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South Jordan Journal

Eastlake Elementary students learn how to manage money

Jul 07, 2023 10:20AM ● By Julie Slama

Eastlake third-grade students learn about distinguishing between wants and needs while managing their finances at Kids Marketplace. (Julie Slama/City Journals)

Third-grader Amelia Morrison made her way around her school’s Kids Marketplace booths, learning how to be financially secure.

As part of the Kids Marketplace program, Amelia was given a mock career — a military officer with a $400 per month salary — and dressed up in boots, gloves and a jacket.

“I wanted to dress up to the part,” she said. “I went to every booth and learned you shouldn't spend more money than you have.”

Amelia saved $290 of her salary after “buying the cheapest things which seemed like the best deals.”  Amongst her purchases were “a huge bed and a used TV for $5.” She planned to ride a bike to work so she’d be in shape and save money.

“I learned I don't want to run out of money. Expensive stuff is nice and cool, but if you get cheaper stuff, it will help you with your money. If you run out of money, life can be hard trying to pay the bills,” she said. “By saving I’ll have money if I need it for an emergency, but if I spend everything on rich things, I won’t.”

Amelia even made sure she had enough money to stop at the pet table to purchase a gerbil.

“This has been fun. I liked learning about jobs and learning how to save your money and seeing other people's costumes,” she said.

The Kids Marketplace is a real-life simulation, so the 130 third-grade students learn the importance of budgeting and saving, said teacher Andrea Utley, who said the inclusive program allows students to partner with classmates who may have special needs, such as autism or Down Syndrome, so they, too, can participate.

“We read five books about saving money and learn money doesn’t bring happiness,” she said. “We talk about living within our means and not owing others money. They learn to distinguish between wants and needs and how to manage their money. It follows the common core curriculum to learn how to count money and to learn about saving money. They learn and use vocabulary such as balance, deposit, savings, withdrawal, budget.”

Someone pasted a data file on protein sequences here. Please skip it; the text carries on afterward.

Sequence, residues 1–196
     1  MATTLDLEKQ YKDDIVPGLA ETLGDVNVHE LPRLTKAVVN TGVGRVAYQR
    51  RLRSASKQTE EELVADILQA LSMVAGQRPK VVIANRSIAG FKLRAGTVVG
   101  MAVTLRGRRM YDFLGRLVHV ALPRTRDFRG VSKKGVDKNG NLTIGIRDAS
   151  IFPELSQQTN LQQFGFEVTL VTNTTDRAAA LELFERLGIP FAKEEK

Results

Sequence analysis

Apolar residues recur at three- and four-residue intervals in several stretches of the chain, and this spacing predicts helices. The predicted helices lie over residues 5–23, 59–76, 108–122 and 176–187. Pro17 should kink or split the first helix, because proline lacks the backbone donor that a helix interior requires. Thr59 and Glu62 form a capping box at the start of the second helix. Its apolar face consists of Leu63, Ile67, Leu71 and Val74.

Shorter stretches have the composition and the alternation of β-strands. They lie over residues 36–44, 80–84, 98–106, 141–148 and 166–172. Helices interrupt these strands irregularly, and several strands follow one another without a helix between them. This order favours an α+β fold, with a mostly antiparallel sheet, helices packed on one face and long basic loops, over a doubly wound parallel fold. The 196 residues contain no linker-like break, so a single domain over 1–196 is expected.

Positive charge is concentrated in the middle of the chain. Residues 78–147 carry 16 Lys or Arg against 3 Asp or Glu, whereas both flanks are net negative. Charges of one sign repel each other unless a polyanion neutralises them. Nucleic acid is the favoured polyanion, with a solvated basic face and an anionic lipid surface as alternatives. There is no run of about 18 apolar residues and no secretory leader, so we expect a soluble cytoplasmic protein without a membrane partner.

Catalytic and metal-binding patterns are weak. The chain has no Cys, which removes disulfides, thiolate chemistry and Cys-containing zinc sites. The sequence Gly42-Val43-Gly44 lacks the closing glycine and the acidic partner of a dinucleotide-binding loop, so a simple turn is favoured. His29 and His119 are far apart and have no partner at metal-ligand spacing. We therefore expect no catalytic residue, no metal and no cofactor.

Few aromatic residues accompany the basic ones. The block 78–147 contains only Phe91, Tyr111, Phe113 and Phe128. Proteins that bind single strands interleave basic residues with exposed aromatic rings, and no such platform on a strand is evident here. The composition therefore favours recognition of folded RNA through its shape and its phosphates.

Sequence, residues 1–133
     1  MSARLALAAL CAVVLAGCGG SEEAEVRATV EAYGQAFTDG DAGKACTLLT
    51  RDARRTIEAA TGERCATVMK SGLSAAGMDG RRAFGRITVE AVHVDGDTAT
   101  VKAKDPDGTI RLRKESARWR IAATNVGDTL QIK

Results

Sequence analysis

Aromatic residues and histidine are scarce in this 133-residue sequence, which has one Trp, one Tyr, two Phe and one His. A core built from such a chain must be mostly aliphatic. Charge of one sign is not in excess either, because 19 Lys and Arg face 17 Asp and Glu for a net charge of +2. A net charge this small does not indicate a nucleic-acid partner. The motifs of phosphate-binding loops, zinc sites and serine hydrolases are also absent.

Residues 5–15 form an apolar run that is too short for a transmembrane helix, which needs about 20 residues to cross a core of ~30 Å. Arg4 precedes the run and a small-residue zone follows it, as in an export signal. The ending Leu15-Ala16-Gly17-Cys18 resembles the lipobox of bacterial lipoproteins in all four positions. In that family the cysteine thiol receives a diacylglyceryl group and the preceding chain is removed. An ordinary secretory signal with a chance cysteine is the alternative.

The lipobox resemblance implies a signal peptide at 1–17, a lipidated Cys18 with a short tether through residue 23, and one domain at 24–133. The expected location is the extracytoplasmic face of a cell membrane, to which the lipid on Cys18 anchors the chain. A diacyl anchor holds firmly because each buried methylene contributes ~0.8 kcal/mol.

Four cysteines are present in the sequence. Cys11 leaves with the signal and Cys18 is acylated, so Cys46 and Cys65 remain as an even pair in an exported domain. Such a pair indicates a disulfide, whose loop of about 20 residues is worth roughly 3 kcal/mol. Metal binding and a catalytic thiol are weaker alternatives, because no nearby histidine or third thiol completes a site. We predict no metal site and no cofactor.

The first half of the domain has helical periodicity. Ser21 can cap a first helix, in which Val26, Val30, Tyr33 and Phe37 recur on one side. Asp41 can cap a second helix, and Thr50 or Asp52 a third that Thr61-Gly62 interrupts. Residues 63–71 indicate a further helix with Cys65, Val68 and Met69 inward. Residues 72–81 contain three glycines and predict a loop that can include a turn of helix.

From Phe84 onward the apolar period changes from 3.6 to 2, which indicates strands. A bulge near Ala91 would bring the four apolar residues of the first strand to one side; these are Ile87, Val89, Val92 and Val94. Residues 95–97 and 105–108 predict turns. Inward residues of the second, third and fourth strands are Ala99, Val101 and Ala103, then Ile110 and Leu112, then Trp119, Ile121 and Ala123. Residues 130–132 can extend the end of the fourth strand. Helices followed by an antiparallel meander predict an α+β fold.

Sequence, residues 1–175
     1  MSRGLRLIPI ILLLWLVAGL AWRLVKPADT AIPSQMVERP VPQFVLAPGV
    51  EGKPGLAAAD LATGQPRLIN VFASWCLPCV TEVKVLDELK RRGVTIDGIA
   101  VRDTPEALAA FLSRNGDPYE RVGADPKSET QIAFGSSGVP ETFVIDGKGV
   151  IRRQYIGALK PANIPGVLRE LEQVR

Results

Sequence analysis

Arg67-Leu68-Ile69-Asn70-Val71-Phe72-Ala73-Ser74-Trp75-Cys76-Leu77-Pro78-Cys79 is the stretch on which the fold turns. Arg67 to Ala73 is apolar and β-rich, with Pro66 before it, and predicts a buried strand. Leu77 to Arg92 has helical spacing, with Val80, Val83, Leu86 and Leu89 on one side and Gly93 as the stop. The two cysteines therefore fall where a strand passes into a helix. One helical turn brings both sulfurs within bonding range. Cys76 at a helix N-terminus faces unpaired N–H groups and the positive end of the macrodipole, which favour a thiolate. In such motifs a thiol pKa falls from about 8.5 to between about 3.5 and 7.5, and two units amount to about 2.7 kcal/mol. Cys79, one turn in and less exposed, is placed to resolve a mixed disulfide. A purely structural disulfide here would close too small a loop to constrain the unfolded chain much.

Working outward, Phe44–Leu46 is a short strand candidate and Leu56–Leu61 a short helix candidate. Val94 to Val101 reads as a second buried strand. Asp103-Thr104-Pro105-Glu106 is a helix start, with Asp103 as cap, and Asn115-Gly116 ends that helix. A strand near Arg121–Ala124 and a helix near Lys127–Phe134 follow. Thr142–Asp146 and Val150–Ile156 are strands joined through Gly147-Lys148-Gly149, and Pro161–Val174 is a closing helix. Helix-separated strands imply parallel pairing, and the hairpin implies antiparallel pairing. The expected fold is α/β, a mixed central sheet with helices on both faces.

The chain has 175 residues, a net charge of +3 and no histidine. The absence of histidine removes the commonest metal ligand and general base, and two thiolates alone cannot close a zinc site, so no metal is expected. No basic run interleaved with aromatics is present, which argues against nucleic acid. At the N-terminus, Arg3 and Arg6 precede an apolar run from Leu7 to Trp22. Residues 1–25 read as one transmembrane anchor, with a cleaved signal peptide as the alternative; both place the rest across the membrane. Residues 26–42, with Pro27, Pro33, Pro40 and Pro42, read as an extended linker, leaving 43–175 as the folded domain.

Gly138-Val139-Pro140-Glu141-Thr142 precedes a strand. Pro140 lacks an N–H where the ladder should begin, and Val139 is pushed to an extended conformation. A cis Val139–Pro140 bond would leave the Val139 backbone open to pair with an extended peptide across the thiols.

Utley, who has included Kids Marketplace in her teaching all five years she’s been with Jordan School District, said that students are given an hour to go to the bank, housing, clothing and grocery stations and then go to optional booths. At every booth they’re given a choice of items they want to purchase.

For example, at a housing station students may decide between renting a one-bedroom apartment, two-bedroom apartment and buying a home based upon their monthly salary.

“We look to see who has the most money left and the why, the choices they make. A lot of students want to go to the animal shelter first to get a dog, but they learn they have to have food and housing beforehand and then, they can budget for a pet,” she said.  “They’re getting a glimpse into what it’s like to have to pay expenses in the real world, but it’s something fun which they look forward to. Some kids get into the profession they’re randomly assigned, and it becomes a secondary lesson in careers. They learn all about it and then have fun dressing up with it.”

Third-grader Camden Southerland was a paleontologist who earned a salary of $450 per month.

“I hunt for fossil bones and do experiments on those,” he said, adding that he’d like to find some of a tyrannosaurus rex. “I’ve already been to the animal shelter so I could spend my money on a lizard and a bird.  I sleep in my lab, so I don’t have to worry about having a house.”

Amber Bennett, who’s third-grade son Archer took part in Kids Marketplace, was a volunteer. She said she saw several students think outside the box.

“One kid said, ‘I'm going to get this big couch for $120 so all my friends can come over; I can sleep on it too, so I won’t have to get a bed,’” she said. “They learn they don’t have to buy everything, and they don’t have families in this simulation, so they don’t have to worry about kids and adjusting for them.”

That’s what third-grader Hudson Jensen learned as well.

“I need to make a lot of money when I’m older so I can buy a house and a sports car,” Hudson said, whose random job was mayor at a salary of $400 per month. “I don’t think I could afford to fix my car if I were to get a dent in it if I had a family to pay for.”

Bennett, who also is a substitute teacher, liked the engagement of the activity.

“I love that we're teaching them how to budget their money,” she said. “I can see a lot of the kids’ personalities in what they choose. Some kids will choose a used bed because it's cheaper and then other kids are like, ‘give me all the most expensive stuff.’ It’s all about learning about budgeting, because some will run out of money and then they have to return stuff and start again. It’s a hands-on way to learn the importance of money.”

Third-grader Sawyer Neeley had already bought groceries, transportation, clothing and visited a few other stations.

“I never spend too much money, but I just had to pay $20 at chance so now I’m worried about buying a house,” he said. “I may have to figure out something else for housing. I like Kids Marketplace. It’s fun to puzzle out how to make it all work out.” λ